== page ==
The Birthplace House was built in about 1740 on Wisbech’s South Brink. As a Grade II* listed building, it is particularly important as a building of outstanding architectural or historic interest.
The house was home to James and Caroline Hill as they undertook the social reform activities on which their daughter’s life work was based. It was divided soon after the family left Wisbech.
In 1994, the Octavia Hill Birthplace Museum Trust (registered charity no.1018947) purchased part of the house, opening a museum that is entirely run by volunteers. It attracts visitors from all over the world.
In 2007, the Trust purchased the rest of Octavia Hill’s Birthplace House. Funded by the Heritage Lottery Fund, the European Regional Development Fund and a fundraising appeal, the reunification project was completed in 2009. The first phase re-opened in March 2008… with new, enhanced displays and facilities.
Visitors will learn of the remarkable story of Octavia Hill’s life’s work and her influence on many spheres of modern life.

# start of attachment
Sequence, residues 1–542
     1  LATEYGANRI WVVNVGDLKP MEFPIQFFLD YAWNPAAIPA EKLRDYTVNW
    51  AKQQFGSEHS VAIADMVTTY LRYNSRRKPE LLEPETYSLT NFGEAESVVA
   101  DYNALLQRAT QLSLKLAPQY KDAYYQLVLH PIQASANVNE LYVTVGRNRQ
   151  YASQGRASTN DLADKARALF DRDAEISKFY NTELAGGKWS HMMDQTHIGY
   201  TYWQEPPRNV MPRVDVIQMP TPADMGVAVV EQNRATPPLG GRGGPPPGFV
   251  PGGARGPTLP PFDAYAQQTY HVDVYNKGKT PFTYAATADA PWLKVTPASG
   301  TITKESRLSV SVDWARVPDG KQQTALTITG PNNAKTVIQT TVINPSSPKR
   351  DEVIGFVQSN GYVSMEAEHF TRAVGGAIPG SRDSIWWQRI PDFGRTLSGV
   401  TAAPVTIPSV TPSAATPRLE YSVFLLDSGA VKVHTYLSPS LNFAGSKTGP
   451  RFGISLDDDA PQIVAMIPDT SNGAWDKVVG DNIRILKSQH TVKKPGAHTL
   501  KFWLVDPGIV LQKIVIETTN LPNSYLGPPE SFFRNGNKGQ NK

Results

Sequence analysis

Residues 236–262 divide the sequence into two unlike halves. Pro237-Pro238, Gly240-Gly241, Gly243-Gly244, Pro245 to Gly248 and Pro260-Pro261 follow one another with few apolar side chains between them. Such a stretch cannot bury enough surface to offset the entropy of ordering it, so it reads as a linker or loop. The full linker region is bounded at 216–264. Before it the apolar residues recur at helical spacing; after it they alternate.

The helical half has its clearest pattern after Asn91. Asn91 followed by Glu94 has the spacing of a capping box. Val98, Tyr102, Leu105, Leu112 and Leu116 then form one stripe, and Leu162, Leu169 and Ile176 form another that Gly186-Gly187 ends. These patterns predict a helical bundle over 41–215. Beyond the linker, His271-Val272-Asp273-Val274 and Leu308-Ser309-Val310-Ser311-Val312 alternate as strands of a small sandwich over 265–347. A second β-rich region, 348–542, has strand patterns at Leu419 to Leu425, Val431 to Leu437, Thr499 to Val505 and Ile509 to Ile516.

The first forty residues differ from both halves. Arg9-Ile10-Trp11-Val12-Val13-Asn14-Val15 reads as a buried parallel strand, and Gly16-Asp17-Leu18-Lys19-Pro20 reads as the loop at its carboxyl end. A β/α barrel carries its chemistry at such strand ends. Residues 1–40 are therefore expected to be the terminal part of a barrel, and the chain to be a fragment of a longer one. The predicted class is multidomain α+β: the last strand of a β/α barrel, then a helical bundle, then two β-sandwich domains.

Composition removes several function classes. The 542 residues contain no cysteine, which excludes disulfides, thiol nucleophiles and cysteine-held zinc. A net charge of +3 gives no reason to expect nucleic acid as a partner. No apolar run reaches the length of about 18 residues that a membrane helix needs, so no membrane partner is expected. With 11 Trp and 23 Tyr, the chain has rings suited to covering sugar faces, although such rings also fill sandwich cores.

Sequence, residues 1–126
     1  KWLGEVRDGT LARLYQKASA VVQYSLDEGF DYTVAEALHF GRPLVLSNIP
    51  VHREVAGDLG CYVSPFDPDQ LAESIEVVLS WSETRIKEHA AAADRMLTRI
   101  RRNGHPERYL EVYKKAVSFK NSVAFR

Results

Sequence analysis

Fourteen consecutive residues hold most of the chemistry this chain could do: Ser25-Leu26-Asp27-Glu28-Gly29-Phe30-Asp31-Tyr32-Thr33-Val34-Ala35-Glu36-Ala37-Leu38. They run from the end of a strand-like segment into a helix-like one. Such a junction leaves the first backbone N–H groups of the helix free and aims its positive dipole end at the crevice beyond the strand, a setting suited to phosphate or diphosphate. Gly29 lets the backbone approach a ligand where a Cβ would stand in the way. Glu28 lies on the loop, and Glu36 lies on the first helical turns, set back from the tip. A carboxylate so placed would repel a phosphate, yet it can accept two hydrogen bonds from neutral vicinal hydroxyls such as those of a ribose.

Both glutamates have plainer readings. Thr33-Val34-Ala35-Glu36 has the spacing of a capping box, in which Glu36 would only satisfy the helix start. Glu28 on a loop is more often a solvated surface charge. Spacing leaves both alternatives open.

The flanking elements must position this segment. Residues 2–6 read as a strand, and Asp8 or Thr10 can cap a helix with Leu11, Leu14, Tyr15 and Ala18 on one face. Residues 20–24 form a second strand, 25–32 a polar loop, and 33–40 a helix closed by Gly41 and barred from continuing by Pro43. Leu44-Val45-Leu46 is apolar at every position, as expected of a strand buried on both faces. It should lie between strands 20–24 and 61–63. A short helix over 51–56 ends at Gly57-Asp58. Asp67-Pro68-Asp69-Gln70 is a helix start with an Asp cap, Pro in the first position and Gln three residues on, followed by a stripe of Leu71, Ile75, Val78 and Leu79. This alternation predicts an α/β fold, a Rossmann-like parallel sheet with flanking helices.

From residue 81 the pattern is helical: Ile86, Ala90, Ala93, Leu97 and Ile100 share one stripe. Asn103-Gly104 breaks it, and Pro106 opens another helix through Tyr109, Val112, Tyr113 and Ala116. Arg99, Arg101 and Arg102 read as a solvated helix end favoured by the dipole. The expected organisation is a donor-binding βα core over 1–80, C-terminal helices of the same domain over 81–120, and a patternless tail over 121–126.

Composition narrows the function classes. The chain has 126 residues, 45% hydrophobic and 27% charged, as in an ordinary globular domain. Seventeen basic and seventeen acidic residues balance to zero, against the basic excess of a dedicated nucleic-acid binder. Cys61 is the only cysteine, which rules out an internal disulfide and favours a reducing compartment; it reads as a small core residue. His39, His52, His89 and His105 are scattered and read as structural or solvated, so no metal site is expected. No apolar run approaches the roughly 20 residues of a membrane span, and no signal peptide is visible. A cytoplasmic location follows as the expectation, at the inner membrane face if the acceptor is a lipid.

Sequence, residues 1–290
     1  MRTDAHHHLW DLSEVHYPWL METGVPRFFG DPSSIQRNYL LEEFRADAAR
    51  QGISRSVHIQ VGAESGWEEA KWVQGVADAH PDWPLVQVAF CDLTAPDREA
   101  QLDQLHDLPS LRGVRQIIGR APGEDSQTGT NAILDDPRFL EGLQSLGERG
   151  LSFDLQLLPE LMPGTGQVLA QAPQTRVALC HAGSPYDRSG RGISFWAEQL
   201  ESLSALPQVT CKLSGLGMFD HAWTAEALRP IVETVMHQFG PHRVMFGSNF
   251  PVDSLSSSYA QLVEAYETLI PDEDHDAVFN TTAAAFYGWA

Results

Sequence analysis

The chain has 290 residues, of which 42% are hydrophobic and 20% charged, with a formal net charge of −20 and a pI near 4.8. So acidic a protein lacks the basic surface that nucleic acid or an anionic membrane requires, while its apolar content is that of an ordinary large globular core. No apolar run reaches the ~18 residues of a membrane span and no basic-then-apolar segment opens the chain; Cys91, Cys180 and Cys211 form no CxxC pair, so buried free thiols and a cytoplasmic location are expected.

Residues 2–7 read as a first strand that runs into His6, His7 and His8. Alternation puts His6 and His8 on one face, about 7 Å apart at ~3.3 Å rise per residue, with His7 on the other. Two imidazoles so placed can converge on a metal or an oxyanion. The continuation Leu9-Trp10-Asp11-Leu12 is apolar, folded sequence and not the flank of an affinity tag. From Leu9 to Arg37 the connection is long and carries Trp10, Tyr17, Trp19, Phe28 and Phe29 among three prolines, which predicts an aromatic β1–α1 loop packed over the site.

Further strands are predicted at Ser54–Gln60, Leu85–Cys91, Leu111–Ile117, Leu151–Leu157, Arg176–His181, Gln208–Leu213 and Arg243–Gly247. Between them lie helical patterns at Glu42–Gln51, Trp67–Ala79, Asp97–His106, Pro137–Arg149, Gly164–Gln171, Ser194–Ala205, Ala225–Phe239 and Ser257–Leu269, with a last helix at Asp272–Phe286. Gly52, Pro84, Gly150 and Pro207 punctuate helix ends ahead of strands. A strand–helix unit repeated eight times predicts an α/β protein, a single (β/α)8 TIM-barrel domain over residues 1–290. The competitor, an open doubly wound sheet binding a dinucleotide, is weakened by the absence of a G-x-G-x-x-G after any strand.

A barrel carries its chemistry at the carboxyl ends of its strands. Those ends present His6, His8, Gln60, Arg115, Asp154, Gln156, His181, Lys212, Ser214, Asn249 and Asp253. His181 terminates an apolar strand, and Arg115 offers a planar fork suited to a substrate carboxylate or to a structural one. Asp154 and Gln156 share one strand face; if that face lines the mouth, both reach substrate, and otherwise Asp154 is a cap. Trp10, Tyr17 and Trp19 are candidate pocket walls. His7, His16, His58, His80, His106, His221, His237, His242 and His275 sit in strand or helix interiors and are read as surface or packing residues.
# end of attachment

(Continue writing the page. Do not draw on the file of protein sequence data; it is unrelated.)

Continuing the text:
To ensure we can help you get the best from your visit, please contact us in advance on 01945 476358 or by email to advise us of any special needs you may have.A disabled access lift is availlable for use.
Island Hall, in Godmanchester, is an elegant riverside manision built in the late 1740s. The house is situatedin 3 acres of gardens, including an ornamental Saxon Island in the river Great Ouse. Island Hall is a family run private home and all tours are given by members of the family.
During the 19th century, Island Hall was visited twice by Octavia Hill, who wrote in a letter to her sister, "This is the loveliest, dearest old house, I never was in such a one."www.islandhall.com